The pain continues in Sri Lanka

Officials in Colombo are involved in a painful and slow exercise: on the one hand to negotiate with countries with which huge loans have been taken, for re-structuring the debt

The pain continues in Sri Lanka
Tension in front of the World Trade Center. Medical students are mobilized (Photo by Krishnakumar for News Cutter)

It is not a good feeling for Sri Lankans to see their country in such an economic mess. In fact getting beyond the feelings of locals even people in the neighborhood and beyond are saddened at the goings-on in a country that at one time was an envy to many. In fact some have already started talking about how a “pearl” drop has come to be a “tear” drop, an obvious reference to the shape of that island nation. But when Ranil Wickremesinghe took over as the Prime Minister for the sixth time, there are hopes that Sri Lanka would once again bounce back to where it belongs in the comity of nations but not before the struggle goes through the full circle.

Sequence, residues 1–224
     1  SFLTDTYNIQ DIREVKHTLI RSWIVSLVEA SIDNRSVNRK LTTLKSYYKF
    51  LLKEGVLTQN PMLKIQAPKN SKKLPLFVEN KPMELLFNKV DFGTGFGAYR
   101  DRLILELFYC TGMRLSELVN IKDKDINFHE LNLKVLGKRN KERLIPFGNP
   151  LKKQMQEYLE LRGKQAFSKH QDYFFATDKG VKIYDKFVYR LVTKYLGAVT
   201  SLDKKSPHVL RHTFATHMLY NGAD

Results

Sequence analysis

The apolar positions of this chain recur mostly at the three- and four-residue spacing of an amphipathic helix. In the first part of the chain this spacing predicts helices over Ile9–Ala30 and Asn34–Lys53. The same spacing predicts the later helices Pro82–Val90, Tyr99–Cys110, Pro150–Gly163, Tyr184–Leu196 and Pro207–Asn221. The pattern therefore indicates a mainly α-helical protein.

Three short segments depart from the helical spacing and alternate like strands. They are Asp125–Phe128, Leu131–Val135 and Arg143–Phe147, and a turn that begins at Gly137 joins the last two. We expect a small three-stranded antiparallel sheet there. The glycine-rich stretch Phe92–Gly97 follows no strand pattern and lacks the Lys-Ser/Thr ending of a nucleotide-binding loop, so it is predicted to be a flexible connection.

With fuel rationed and nearly out of supply, the government has apparently made it clear to foreign airline carriers that they cannot lift aviation fuel from Colombo—either come tanked up for the return flight or be ready to refill along the way. Normally prudent carriers will fill up their tanks at a port where aviation fuel is cheaper, such as in the Middle East; but no airline would want to do a detour if that is not cost effective. With Colombo supposedly putting the word out on aviation fuel, the demand is said to be higher in Southern Indian cities.